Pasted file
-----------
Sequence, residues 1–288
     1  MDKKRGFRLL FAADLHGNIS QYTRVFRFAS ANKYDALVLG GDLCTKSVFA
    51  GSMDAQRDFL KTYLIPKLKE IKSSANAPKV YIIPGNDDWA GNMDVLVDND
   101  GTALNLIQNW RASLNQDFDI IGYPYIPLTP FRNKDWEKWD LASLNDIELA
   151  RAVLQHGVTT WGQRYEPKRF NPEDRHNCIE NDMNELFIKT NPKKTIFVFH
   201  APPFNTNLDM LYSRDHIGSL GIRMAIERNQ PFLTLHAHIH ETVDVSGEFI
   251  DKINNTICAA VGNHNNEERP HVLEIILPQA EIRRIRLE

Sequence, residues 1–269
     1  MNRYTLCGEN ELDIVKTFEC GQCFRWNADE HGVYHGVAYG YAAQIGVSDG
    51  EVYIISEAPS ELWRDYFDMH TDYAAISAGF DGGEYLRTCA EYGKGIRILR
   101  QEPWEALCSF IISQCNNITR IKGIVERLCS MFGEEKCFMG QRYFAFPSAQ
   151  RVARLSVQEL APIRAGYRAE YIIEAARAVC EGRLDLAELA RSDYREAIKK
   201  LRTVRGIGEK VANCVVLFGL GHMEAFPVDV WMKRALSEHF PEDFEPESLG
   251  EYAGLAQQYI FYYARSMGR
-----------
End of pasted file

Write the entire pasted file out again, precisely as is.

Sequence, residues 1–288
     1  MDKKRGFRLL FAADLHGNIS QYTRVFRFAS ANKYDALVLG GDLCTKSVFA
    51  GSMDAQRDFL KTYLIPKLKE IKSSANAPKV YIIPGNDDWA GNMDVLVDND
   101  GTALNLIQNW RASLNQDFDI IGYPYIPLTP FRNKDWEKWD LASLNDIELA
   151  RAVLQHGVTT WGQRYEPKRF NPEDRHNCIE NDMNELFIKT NPKKTIFVFH
   201  APPFNTNLDM LYSRDHIGSL GIRMAIERNQ PFLTLHAHIH ETVDVSGEFI
   251  DKINNTICAA VGNHNNEERP HVLEIILPQA EIRRIRLE

Sequence, residues 1–269
     1  MNRYTLCGEN ELDIVKTFEC GQCFRWNADE HGVYHGVAYG YAAQIGVSDG
    51  EVYIISEAPS ELWRDYFDMH TDYAAISAGF DGGEYLRTCA EYGKGIRILR
   101  QEPWEALCSF IISQCNNITR IKGIVERLCS MFGEEKCFMG QRYFAFPSAQ
   151  RVARLSVQEL APIRAGYRAE YIIEAARAVC EGRLDLAELA RSDYREAIKK
   201  LRTVRGIGEK VANCVVLFGL GHMEAFPVDV WMKRALSEHF PEDFEPESLG
   251  EYAGLAQQYI FYYARSMGR